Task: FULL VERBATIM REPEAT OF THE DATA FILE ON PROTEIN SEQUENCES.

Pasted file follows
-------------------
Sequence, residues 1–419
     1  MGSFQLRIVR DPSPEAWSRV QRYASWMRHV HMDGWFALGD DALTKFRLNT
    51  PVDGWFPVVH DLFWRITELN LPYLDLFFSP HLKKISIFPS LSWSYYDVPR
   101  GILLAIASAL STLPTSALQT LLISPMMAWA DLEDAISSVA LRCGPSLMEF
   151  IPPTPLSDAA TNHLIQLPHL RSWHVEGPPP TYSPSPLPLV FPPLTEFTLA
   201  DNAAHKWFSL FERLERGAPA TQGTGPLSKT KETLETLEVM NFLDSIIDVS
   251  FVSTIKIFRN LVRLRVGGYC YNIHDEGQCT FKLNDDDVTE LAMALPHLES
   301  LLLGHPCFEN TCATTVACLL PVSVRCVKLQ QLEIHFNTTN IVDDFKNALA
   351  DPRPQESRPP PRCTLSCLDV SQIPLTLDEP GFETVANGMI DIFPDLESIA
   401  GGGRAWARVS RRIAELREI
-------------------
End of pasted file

Sequence, residues 1–419
     1  MGSFQLRIVR DPSPEAWSRV QRYASWMRHV HMDGWFALGD DALTKFRLNT
    51  PVDGWFPVVH DLFWRITELN LPYLDLFFSP HLKKISIFPS LSWSYYDVPR
   101  GILLAIASAL STLPTSALQT LLISPMMAWA DLEDAISSVA LRCGPSLMEF
   151  IPPTPLSDAA TNHLIQLPHL RSWHVEGPPP TYSPSPLPLV FPPLTEFTLA
   201  DNAAHKWFSL FERLERGAPA TQGTGPLSKT KETLETLEVM NFLDSIIDVS
   251  FVSTIKIFRN LVRLRVGGYC YNIHDEGQCT FKLNDDDVTE LAMALPHLES
   301  LLLGHPCFEN TCATTVACLL PVSVRCVKLQ QLEIHFNTTN IVDDFKNALA
   351  DPRPQESRPP PRCTLSCLDV SQIPLTLDEP GFETVANGMI DIFPDLESIA
   401  GGGRAWARVS RRIAELREI